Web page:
Eva Rosen Headshot

Eva Rosen

Assistant Professor, Georgetown University
Areas of Expertise:

About Eva

Rosen received her Ph.D. from Harvard University in Sociology and Social Policy. Rosen studies poverty and American housing policy. In 2018, she was recognized as one of APPAM’s outstanding early career scholars and received the 40 for 40 fellowship.

Contributions

The Real Baltimore Crisis

In the News

"If ‘Housing Is a Right,’ How Do We Make It Happen?," Eva Rosen, The New York Times, February 17, 2021.
"The Federal Shutdown Damaged Housing Voucher Programs," Eva Rosen, The American Prospect, February 21, 2019.
Eva Rosen's research on housing voucher programs discussed by Terrence McCoy, "Another Shutdown Could Inflict More Lasting Harm to Housing Programs, Experts Say," Washington Post, February 12, 2019.
Eva Rosen's research on Section 8 housing discussed by Emily Badger, "The Big Change That Will Help Poor People Move to Wealthy Neighborhoods," The Washington Post, June 17, 2016.
"When Landlords Discriminate," Eva Rosen (with Philip ME Garboden), Talk Poverty, May 17, 2016.
"The Power of Landlords," Eva Rosen, The Atlantic, June 9, 2015.

Publications

"Racial Discrimination in Housing: How Landlords Use Algorithms and Home Visits to Screen Tenants" (with Jennifer E Cossyleon and Phillip M.E. Garboden). American Sociological Review (2021).

Studies how such discrimination operates, and the intermediaries who engage in it: landlords. Discusses how a fundamental assumption of racial discrimination research is that gatekeepers such as landlords are confronted with a racially heterogeneous applicant pool.

"Evictions: The Comparative Analysis Problem" (with Kyle Nelson, Brian J. McCabe, and Phillip Garboden). Housing Policy Debate (2021).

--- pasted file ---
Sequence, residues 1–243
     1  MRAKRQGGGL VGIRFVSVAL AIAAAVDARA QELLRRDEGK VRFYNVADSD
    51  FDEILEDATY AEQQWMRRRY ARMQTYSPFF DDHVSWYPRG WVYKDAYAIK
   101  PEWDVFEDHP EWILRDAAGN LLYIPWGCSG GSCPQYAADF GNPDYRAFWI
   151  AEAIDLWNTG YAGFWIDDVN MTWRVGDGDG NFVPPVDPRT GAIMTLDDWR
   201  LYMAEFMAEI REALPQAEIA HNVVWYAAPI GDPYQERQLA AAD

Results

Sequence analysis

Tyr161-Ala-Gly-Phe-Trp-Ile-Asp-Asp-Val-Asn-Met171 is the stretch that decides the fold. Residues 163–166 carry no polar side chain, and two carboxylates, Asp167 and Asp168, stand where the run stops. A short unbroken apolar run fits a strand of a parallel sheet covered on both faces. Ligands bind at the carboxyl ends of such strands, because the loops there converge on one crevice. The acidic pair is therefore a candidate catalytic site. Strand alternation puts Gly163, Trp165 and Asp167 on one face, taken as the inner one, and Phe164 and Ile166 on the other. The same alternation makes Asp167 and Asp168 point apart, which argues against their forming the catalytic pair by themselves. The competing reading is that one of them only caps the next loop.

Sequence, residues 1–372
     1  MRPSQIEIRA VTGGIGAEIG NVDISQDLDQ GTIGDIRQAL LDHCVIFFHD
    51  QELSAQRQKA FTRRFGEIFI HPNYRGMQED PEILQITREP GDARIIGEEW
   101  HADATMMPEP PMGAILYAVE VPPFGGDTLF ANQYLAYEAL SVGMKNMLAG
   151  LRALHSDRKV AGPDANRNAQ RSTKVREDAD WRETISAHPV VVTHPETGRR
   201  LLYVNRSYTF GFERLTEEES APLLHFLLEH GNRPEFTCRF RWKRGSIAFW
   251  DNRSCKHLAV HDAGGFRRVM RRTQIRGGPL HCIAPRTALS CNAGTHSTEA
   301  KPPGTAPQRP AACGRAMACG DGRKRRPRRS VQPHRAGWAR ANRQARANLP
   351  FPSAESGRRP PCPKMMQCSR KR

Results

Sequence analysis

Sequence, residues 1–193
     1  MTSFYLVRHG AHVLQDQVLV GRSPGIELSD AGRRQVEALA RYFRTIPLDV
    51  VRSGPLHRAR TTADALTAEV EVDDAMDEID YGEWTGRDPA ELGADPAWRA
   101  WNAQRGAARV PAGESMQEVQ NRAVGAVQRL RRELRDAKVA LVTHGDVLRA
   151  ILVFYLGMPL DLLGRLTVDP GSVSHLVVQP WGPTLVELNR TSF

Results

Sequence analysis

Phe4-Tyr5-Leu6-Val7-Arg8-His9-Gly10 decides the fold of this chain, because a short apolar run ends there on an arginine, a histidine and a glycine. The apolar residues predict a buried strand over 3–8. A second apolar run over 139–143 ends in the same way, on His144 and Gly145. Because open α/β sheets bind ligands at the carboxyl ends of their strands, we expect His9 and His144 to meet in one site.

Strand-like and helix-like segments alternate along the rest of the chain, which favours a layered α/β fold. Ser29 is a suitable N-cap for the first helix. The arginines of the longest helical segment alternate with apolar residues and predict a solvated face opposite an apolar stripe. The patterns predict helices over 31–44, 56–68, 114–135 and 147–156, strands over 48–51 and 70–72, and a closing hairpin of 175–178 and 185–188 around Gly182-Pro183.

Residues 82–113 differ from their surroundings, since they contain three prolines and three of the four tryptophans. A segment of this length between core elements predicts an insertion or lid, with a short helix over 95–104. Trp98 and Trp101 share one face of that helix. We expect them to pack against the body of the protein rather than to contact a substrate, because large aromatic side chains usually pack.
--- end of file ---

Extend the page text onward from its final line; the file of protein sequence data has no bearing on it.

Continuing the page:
Draws on fieldwork and administrative records from Baltimore, Maryland; Dallas, Texas; Los Angeles, California; and Washington, DC— to identify how procedural and legal contexts differ by place, and the ways that these processes shape both eviction’s institutional life and its underlying social meanings. Identifies how the problem of eviction is no longer hidden in the housing literature, the explosion of eviction research has introduced a comparative analysis problem.

The Voucher Promise: "Section 8" and the Fate of an American Neighborhood (Princeton University Press, 2020).

Elaborates on America’s largest rental assistance program and how it shapes the lives of residents in one low-income Baltimore neighborhood.

"Horizontal Immobility: How Narratives of Neighborhood Violence Shape Housing Decisions" American Sociological Review 82, no. 2 (2017): 270-296.

Proposes that neighborhoods themselves shape narratives governing residential decision-making.

"Rigging the Rules of the Game: How Landlords Geographically Sort Low-Income Renters" City & Community 13, no. 4 (2014): 310-340.
Draws on ethnographic observation and in-depth interviews with 20 landlords and 82 residents in Baltimore, examining their engagement with the Housing Choice Voucher (HCV) program, to argue that landlords’ strategic implementations of voucher rules contribute to residential sorting patterns.